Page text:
Harnessing the full potential of marine energy could provide enough power for up to 15 million homes and save up to 70 million tonnes of C02 by 2050, according to the government’s Marine Energy Action Plan.

The document also highlights the potential for the marine energy sector to provide up to 16,000 jobs, with a quarter of these in exports.

Key recommendations include forming a UK-wide strategic coordination group to develop a planning and consenting road map for all types of marine renewables; consideration of support levels for marine technologies under the review of banding of the Renewables Obligation in Autumn; and leveraging private equity and project capital into the sector.

Speaking at Strangford Lough in Northern Ireland, home of the 1.2MW SeaGen turbine, Lord Hunt, minister of state for energy, said: ‘This Action Plan sets out our vision for what marine energy can do for the UK and what we need to do to make it happen.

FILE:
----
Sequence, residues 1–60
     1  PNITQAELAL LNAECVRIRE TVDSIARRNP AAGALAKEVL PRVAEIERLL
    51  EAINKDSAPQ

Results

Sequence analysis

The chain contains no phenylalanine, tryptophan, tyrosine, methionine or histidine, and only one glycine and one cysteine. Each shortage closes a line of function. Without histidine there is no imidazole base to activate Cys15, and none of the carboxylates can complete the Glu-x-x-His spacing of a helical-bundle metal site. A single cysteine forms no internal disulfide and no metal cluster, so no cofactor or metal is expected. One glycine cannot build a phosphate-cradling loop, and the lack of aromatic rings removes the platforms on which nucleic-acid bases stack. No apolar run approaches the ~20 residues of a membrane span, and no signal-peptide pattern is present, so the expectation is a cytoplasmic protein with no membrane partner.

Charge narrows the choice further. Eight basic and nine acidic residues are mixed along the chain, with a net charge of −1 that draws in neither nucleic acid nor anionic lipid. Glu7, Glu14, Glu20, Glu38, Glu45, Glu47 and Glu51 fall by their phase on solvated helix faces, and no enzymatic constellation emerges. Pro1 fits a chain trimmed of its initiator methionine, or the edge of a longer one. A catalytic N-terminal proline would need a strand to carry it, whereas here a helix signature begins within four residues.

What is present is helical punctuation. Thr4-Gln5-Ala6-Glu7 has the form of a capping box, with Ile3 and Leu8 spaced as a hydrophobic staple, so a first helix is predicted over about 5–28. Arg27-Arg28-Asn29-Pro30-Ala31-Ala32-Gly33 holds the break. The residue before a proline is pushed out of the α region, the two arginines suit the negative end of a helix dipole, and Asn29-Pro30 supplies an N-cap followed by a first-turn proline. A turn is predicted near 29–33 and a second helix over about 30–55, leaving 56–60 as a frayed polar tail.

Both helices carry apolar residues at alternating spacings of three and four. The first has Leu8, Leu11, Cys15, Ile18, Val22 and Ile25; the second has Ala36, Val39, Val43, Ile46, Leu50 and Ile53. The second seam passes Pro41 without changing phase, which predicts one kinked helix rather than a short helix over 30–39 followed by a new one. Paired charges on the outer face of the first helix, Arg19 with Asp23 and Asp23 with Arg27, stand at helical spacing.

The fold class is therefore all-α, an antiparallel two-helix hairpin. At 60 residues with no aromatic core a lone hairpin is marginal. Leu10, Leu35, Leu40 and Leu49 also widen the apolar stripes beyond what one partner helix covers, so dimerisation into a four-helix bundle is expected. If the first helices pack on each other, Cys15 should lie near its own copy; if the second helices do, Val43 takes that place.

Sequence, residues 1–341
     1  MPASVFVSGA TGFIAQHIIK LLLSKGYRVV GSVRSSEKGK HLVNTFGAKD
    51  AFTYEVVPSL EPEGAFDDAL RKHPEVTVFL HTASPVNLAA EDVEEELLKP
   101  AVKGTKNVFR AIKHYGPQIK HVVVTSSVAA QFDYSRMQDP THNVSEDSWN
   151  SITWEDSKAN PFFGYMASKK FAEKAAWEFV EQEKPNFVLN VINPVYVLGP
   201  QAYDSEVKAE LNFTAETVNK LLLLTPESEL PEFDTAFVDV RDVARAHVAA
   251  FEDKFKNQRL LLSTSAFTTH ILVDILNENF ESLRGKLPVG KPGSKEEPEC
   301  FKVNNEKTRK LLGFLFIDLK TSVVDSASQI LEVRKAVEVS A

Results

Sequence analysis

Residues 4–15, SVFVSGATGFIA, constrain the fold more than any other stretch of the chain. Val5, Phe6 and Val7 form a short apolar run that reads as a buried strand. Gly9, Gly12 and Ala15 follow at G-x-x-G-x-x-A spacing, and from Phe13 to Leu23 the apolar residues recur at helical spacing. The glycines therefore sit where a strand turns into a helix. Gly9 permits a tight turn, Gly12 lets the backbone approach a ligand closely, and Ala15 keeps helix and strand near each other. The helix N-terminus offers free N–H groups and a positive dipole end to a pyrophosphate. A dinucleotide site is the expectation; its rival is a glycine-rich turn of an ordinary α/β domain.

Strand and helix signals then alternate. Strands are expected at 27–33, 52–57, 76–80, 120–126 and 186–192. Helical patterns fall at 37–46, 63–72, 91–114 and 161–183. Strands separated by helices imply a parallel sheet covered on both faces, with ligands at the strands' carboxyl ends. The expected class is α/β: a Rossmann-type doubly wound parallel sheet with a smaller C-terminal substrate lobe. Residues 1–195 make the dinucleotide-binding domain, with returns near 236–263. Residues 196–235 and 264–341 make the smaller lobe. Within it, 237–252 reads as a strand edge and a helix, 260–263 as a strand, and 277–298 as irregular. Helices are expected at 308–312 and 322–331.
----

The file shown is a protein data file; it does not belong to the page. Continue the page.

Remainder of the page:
‘I look forward to working with industry and other partners to get the most out of our waters and build a new, world-leading energy generation sector in the UK.’

The Plan, which has been developed jointly by government and industry, sets out the actions needed to drive the marine energy sector forward.

Lord Hunt also announced the establishment of a Ministerial Task Force on Marine Energy, which will bring together key players to oversee future work on the Marine Energy Action Plan.

Further recommendations include:

Ensuring that the appropriate levels of targeted funding are available to bridge the technology market failures that exist in this developing sector, subject to the budgets in the next public spending round.

Establishing guidelines and best practice in the development of new technologies.

Building a UK marine energy supply chain and utilising the current skills base already established from the offshore wind, oil and gas, and maritime industries.